Marvel (1994)

SCRIPTS: Roy Thomas
PENCILS: Rich Buckler & M.C. Wyman
COVER: M.C. Wyman

So we start off this batch of Captain America one shots with ANOTHER WWII Nazi-Punchin' adventure.  This time out, it's not a team-up though.  So this will be the first actual Captain America one shot in this patriotic little bunch starring. . .Captain America!  And Bucky.  Let's not forget Bucky.

First, the cover.

Honestly, I find it a bit of a mess.  The individual parts and pieces of it are fine.  The artwork isn't great, but it's pretty good.  There's just a lot of those pieces and parts and there's no real focus, so the eye is drawn all over the place.  The coloring is a bit garish (a problem through the whole comic) as well.  It's not a BAD cover. . .just sort of messy.

The story goes like this:

New York, 1942.  Captain America and Bucky are on a mission for the FBI where they encounter a squad of Nazi saboteurs led by Germany's version of Cap, Master Man.  They arrive too late to stop them from assassinating famous scientist, Nikola Tesla, and to prevent Master Man from stealing information about a "Death Ray" Tesla was working on.

Following up on a clue left in Tesla's room, Cap and Bucky head to Madrid, Spain, where they meet with a mysterious woman at a bullfight that turns out to be Hilda Zemo. . .the wife of the infamous Baron Heinrich Zemo, and who the world thinks recently died in a car accident.  She actually faked her death and left her son behind in Germany in order to try and warn the Allies about Zemo's plot against Tesla's life.  In exchange for her information about the whereabouts of Zemo and the stolen Death Ray plans, Captain America agrees to not kill Zemo and get their son (Helmut) out of Germany.

The scene shifts to Berlin, where Cap, Bucky, and Hilda sneak through the city to Baron Zemo's secret laboratory beneath the Berlin zoo.  Leaving Bucky behind as rear guard, Cap and Hilda gain entrance to the lab, only to fall into Baron Zemo's and Master Man's trap!  They purposely led Cap to Germany in order to capture him.  Zemo is surprised to find his wife alive, but enraged that she is working with Captain America, and doesn't listen when she tries to talk sense to him.

MEANWHILE. . . As Master Man and Captain America fight in the secret lab, Bucky is forced to retreat by a squad of Nazi stormtroopers.  He sneaks into Baron Zemo's mansion and wakes his son, Helmut, convincing him that his mother is alive and they are leaving Germany.  Helmut knows of a secret entrance into his father's lab and agrees to show it to Bucky.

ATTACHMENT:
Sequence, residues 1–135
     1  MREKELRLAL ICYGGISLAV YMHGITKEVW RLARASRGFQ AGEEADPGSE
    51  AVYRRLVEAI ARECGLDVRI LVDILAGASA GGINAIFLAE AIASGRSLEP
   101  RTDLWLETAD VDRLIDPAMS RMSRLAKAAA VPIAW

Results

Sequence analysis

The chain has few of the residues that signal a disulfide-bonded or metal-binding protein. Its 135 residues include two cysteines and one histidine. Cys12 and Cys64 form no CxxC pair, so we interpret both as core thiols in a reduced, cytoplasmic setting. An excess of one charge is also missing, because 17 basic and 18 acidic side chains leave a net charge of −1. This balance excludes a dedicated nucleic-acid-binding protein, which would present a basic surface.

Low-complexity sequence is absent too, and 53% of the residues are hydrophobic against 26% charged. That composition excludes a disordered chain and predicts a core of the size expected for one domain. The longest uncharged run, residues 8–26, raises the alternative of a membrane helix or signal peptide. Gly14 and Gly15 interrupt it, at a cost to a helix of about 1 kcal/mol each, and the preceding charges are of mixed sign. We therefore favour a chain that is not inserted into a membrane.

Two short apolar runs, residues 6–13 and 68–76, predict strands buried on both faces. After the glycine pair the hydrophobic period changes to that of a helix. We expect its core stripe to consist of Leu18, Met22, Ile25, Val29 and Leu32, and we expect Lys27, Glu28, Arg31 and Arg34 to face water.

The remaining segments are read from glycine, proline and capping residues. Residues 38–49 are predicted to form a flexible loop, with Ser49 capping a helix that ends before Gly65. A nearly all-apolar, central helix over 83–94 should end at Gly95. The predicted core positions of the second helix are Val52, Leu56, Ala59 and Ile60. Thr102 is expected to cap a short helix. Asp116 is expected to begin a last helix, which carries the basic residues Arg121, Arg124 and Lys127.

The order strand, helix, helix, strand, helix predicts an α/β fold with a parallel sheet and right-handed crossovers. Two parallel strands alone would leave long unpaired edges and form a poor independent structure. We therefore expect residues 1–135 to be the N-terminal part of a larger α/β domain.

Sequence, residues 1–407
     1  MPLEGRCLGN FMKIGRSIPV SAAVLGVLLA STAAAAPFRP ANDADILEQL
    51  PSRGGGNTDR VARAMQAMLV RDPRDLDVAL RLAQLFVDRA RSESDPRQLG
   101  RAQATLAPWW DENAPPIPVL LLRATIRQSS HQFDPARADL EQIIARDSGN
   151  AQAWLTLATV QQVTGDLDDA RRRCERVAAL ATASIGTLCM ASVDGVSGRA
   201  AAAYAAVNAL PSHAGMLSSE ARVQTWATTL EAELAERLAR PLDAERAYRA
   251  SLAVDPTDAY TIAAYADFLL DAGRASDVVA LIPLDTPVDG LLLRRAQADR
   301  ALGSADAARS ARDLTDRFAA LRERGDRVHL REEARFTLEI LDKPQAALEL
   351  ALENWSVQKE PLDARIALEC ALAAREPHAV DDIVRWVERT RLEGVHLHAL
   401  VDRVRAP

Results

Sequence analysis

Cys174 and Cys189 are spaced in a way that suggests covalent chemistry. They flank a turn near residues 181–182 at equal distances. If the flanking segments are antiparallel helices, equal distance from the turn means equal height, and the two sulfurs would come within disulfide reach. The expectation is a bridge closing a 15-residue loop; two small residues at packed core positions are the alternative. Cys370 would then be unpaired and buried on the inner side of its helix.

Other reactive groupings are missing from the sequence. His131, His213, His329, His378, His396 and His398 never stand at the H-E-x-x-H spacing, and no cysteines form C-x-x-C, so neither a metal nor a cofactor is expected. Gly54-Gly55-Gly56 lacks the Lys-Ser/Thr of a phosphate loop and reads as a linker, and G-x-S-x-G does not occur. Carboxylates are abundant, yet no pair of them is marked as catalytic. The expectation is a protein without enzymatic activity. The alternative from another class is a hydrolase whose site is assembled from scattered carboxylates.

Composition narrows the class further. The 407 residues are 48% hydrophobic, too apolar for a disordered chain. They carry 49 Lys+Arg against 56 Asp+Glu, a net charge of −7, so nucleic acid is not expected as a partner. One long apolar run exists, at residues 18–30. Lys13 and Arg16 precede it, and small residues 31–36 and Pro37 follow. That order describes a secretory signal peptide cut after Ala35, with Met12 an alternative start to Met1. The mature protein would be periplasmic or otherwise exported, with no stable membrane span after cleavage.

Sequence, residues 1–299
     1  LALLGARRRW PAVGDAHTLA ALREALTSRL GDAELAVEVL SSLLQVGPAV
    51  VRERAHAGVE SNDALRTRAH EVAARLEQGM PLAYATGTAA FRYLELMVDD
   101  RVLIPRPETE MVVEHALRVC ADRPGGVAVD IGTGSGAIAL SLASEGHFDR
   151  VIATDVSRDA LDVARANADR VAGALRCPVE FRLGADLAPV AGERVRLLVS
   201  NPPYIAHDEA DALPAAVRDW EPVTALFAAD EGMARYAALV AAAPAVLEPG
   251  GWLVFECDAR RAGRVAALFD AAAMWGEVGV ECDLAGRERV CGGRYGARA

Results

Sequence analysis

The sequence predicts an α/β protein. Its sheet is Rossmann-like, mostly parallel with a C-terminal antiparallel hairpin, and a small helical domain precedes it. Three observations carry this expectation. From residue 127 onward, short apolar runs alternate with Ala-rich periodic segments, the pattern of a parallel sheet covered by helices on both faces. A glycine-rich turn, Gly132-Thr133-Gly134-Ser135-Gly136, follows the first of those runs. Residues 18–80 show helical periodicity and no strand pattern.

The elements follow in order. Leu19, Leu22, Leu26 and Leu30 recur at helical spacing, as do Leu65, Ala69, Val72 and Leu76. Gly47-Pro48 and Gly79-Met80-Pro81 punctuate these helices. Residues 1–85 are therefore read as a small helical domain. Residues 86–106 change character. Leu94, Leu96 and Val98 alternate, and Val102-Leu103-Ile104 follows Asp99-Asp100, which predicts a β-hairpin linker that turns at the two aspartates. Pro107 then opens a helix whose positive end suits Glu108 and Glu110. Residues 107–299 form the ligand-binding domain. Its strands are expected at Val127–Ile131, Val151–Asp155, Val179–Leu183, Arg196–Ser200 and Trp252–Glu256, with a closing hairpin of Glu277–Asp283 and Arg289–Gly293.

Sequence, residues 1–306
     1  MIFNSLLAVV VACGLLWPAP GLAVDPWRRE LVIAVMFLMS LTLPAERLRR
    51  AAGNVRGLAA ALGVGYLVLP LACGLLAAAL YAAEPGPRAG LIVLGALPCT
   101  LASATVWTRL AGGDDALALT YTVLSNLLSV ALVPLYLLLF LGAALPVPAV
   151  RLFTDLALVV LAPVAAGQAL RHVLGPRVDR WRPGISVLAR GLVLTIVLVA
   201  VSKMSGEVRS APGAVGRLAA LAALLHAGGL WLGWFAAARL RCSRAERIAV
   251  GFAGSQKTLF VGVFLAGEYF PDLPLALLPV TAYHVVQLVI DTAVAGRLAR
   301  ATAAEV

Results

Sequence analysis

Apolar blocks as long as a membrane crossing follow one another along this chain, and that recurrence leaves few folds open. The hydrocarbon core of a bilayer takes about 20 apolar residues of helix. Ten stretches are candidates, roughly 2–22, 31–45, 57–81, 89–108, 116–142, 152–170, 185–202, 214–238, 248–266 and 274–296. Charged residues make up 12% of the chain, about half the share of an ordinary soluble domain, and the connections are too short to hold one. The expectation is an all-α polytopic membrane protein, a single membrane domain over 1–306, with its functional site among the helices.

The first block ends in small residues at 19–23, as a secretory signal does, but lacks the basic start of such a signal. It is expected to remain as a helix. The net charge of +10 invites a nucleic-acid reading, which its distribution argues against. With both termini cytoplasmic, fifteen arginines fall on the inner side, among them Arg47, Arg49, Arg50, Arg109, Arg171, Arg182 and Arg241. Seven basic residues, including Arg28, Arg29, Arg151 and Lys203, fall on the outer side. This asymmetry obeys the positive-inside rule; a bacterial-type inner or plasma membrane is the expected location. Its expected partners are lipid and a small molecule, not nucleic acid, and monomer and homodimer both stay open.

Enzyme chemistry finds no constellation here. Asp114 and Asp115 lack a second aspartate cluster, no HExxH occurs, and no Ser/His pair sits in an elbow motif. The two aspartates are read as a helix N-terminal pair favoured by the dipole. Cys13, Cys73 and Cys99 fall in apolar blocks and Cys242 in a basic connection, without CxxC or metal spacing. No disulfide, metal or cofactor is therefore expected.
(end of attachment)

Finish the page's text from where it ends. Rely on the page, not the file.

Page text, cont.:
WHILE THAT'S HAPPENING. . .Master Man barely beats Captain America and he is thrown, along with Hilda Zemo, into a cell to await execution.  Shortly afterward Bucky and Helmut arrive in time to secretly listen to Zemo villain-monologue about the gigantic "Medusa Cannon" he has built using Tesla's stolen plans. . .a weapon capable of shooting planes out of the sky miles from their target.

Helmut Betrays Bucky and pushes him into the lab, where Zemo praises him for his devotion and tells him he can be the one to kill Bucky by being the first to fire the Medusa Cannon.  "WUNDERBARR!" Declares little Helmut.

IN THE MEANTIME. . .Captain America and Hilda share a kiss before Cap kicks down the door of their cell, but Hilda is shot by the guards as they make their escape.  She convinces him to leave her behind for the greater good and Cap rushes back to the secret lab to find Bucky tied over the barrel of the Medusa Cannon while a gleeful Helmut Zemo readies it to fire.

Cap solves the problem in the best way he knows how. . .Punchin' Nazis!  He manages to free Bucky just in time as the cannon misfires and a massive explosion starts collapsing the lab.  They grab Helmut and make their escape, leaving Zemo and Master Man to their fate, but arrive too late to save Hilda.  As the heroes flee the destruction, Helmut manages to slip away (To become Baron Zemo II in 1973).  Cap and Bucky find a "victory" where an innocent woman died, a child went missing, and the fate of the villains remains unsure to be a somewhat bitter pill to swallow.

The End.

Okay then.  Let's break it on down!

As you can see from the (extremely condensed) description above, there's actually quite a bit of story to be found in this one issue. . .and it's a pretty good story at that.  Roy Thomas gives us a classic Bronze Age-style Captain America tale that's meaty without being bloated.  It's well-written and moves along at a snappy pace.  If you like classic Captain America before he turned into the mopey "Do I really still represent THIS country at THIS time?" political navel gazer to be found on today's comic shelves, then you'll like the story here.  If you don't like a good old-fashioned Nazi Punchin' Captain America story, then this won't be for you.

The problem here is the art.  Specifically, the color art.  The line art and inks are fine.  They're nothing spectacular, but they tell the story nicely and there are even a few places here and there that elevate up into "really good" territory.  But those colors.  Garish, sloppy, and distracting would be the best way to describe them.  The colors on this comic take what SHOULD be a pretty good Captain America throwback story down a couple of notches. . .they're THAT bad.

Who knew Cap's shield was pink inside. . .